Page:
In June 2021, Gus Noble, president of the nonprofit Chicago Scots, which operates Caledonia Senior Living in North Riverside, received word that Queen Elizabeth II of England had named him an Officer of the Most Excellent Order of the British Empire – or OBE – “for service to Scottish culture in the United States of America.”
His investiture was delayed at first by the COVID-19 pandemic. And although Noble had opportunities in 2022 to officially receive the honor at Buckingham Palace and Windsor Castle, he delayed the event until July 2023, when the ceremony was planned to take place in the Great Gallery at the Palace of Holyrood House in Edinburgh.
That way his father, Robert Noble – whose Member of the British Empire title was conferred in person in London by Prince Charles in 2002 and whose health had been failing in recent years – could attend.
“My proudest day was watching my dad get the MBE,” said Gus, who attended that investiture, conferred for Robert Noble’s service to Scottish agriculture through education and mobilizing public safety measures during the hoof-and-mouth crisis in 2001.
Gus Noble’s investiture date was set for July 5, and on June 10 he spoke to his father from Chicago via FaceTime, anticipating the event. However, Robert Noble died on June 11.
“It came as a shock that he passed when he did,” Noble said during a phone interview July 10 from London. “But I think it was his way of saying, ‘Why don’t you take your, Bobby, so he can watch his father.’ I just took a different Robert Noble with me.”
When the day came for the investiture, Noble assumed it would not be presided over by King Charles III, since that very day the king and Queen Camilla would be busy with the National Service of Thanksgiving and Dedication, marking their coronation, at St. Giles Cathedral in Edinburgh.
So, he was stunned when he walked into the Great Gallery at Holyrood House and there stood King Charles III, from whom Noble received his OBE and with whom he had a brief chat. When Noble mentioned his family, including his wife, Aisha; his son Bobby; and his mother, Joan, King Charles gave them a nod as well.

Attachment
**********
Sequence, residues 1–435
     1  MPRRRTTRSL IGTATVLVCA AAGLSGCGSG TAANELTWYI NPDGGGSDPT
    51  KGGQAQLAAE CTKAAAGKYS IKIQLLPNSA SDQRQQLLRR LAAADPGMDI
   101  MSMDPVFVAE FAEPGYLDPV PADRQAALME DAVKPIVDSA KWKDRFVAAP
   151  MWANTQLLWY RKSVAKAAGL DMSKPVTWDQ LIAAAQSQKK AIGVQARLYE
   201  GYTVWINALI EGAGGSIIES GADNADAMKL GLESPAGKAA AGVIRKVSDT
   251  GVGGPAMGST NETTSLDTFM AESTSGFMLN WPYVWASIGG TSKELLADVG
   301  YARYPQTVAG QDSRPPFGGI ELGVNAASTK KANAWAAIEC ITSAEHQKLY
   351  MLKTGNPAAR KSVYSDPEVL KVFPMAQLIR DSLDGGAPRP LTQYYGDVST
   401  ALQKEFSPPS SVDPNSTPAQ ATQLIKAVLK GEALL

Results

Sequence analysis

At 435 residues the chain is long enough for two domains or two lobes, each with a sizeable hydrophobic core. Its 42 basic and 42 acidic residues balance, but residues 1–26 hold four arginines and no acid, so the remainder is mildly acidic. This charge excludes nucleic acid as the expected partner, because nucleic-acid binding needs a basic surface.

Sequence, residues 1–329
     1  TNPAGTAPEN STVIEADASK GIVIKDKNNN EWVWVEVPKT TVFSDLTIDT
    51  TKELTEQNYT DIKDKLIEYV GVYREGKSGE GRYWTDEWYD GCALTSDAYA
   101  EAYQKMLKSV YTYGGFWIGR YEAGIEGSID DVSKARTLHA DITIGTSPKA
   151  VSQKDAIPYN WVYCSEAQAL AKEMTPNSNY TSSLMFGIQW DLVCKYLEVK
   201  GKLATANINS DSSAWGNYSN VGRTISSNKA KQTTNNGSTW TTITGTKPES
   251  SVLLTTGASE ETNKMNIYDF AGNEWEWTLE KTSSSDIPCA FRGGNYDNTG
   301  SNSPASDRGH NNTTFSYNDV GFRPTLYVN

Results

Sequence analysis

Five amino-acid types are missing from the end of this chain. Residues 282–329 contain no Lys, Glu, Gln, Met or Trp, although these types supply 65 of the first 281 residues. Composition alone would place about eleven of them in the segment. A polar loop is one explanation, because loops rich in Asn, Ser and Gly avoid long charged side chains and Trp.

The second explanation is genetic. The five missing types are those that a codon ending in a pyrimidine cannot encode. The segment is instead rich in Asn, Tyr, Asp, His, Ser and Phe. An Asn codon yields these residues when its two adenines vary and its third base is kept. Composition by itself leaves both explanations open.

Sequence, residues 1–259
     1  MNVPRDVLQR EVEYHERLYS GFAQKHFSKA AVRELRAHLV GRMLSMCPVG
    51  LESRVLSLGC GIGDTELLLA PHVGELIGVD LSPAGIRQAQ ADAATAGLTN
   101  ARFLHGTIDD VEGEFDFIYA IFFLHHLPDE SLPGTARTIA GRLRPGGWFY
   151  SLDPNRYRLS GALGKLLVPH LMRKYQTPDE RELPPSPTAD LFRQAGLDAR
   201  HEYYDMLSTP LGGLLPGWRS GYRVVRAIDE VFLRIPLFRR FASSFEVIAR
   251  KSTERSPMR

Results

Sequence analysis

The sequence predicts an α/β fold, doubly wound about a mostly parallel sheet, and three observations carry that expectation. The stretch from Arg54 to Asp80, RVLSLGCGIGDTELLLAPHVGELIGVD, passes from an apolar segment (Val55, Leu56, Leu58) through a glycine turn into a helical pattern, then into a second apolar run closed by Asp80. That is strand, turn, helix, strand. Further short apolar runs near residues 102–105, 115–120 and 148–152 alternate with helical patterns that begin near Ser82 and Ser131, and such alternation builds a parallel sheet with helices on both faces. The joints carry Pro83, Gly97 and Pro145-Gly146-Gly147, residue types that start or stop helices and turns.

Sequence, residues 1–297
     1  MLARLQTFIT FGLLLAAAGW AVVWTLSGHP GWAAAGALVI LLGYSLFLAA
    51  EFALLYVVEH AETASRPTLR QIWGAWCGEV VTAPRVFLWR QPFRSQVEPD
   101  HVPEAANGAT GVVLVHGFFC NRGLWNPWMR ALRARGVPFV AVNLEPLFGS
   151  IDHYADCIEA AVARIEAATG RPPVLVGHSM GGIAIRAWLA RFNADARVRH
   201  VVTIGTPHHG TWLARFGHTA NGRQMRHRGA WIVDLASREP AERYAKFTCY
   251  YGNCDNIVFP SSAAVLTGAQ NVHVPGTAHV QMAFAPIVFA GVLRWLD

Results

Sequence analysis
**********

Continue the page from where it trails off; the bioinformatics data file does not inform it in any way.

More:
“It was quite surreal,” Noble said. “I felt like I was watching someone else get the award.”
He was doubly honored when he was asked by the minister of St. Giles Cathedral, the Rev. Calum MacLeod, to be present at the National Service that afternoon as the representative for the Scottish diaspora overseas.
Noble, 53, knew McLeod from Chicago, where McLeod for 17 years was associate pastor at 4th Presbyterian Church and a member of the Chicago SCOTS board.
“It was a huge honor,” Noble said. “I assumed there would be others [representing overseas Scots], but he said, ‘No, you’re it.’ … It was a moment and honor I’ll never forget. I’m Gus from Chicago who plays in a honky tonk band. It was an I’m-not-worthy moment.”
The next few days were a mixture of joy and sorrow, with the family celebrating the life of Robert Noble on July 7 and a public funeral service attended by hundreds on July 9, which would have been his 81st birthday.
“It’s just been a real rollercoaster of mixed emotions,” Noble said.
Noble has been president of Chicago Scots and Caledonia Senior Living, the oldest registered charity in Illinois, since 2004. It was his leadership during the COVID-19 pandemic, which helped the institution stay virtually disease free and resulted in 100% of residents and 99% of staff being vaccinated, that played a large role in him being awarded an OBE.
“If that’s the case, then it was something the people who live and work at Caledonia accomplished,” Noble said. “Without them, I’d never have been able to do the things I was recognized for.”